Family count themselves lucky after tree smashes through house
One family were given a wakeup call to forget yesterday after a tree fell through their house after a savage storm ripped through Croydon and the south of England.
Mahesh Jambunathan and his wife Shobana were given quite a shock when a Beech tree smashed into their house.
It caused damage to the living room and bedroom windows as well as leaving a thick branch sticking through their porch ceiling.
The couple, who live in Chepstow Rise near Sandilands with their two daughters, were making at coffee at 6.15 am when they heard a loud bang.
Mr Jambunathan, who works as an I.T manager, said it sounded like an explosion and when he went to the front of the house he found the windows smashed and a branch sticking through the ceiling.
Some of the guttering at the top of the house was also damaged.
Croydon Council and the fire brigade were called to move the tree as it was difficult for the family to get out of the house.
The 43-year-old added he was thankful nobody was hurt and said the damage was repairable.
He said: “It sounded like a huge explosion. There was glass everywhere and when I went into the porch there was a branch sticking through.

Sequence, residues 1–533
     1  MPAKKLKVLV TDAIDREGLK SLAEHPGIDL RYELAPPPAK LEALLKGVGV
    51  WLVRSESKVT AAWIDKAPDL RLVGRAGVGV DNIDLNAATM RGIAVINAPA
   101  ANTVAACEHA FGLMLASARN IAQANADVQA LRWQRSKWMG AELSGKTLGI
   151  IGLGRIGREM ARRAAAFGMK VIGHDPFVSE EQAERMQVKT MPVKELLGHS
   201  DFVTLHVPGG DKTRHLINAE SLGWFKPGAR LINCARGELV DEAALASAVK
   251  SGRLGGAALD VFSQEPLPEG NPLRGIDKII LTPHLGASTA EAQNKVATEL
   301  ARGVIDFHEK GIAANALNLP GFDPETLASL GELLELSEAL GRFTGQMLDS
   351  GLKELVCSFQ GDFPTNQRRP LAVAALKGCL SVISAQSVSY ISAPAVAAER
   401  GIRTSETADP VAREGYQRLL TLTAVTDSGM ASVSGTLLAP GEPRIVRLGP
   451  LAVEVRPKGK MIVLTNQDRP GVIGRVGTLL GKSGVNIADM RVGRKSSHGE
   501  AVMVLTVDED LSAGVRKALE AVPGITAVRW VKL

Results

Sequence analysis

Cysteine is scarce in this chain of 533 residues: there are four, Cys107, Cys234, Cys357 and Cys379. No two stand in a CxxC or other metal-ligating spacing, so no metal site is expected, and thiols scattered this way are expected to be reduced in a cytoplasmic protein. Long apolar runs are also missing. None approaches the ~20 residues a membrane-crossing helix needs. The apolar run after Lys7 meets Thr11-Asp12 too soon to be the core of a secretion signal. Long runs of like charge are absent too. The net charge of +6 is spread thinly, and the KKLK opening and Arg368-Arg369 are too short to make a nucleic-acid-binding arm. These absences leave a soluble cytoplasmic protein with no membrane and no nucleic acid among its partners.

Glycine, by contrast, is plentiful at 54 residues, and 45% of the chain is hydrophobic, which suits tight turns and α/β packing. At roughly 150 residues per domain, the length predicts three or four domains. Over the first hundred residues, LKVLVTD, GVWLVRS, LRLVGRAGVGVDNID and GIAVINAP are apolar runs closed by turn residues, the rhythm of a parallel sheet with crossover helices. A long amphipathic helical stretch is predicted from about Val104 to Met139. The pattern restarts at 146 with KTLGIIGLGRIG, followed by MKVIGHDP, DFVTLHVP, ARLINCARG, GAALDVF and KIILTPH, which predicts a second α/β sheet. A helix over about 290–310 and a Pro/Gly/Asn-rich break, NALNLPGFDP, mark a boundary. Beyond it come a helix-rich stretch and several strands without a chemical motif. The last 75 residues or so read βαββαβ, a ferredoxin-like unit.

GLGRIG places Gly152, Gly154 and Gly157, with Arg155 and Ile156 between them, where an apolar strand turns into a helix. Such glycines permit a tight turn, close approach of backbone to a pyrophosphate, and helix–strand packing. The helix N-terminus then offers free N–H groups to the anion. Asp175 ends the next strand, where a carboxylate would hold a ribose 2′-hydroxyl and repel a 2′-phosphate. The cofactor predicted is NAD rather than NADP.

“The kids were nervous when it happened but they are ok now.
“It is the first time something like this has happened to me but I have seen worse things happen to other people so I can count myself lucky.”
Residents in Grange Road, Upper Norwood, were also faced with a difficult task on Monday as cars were damaged by falling trees.
In last week’s Croydon Guardian it was reported four families are facing homelessness as the Metropolitan Police take back control of the Southbank building, which has been leased to the Crown Housing Association.
The families have been trying to move out by October 30 but trees damaged and trapped many of the resident’s cars.
Tina Hussien, one of those trying to put her belongings into storage, said: “We have an even bigger problem now. Cars are badly damaged or squashed in.
“We only have today and tomorrow to take our belongings out and although we have moved some things we still have the heavy stuff to go. We are all in a state of shock.”
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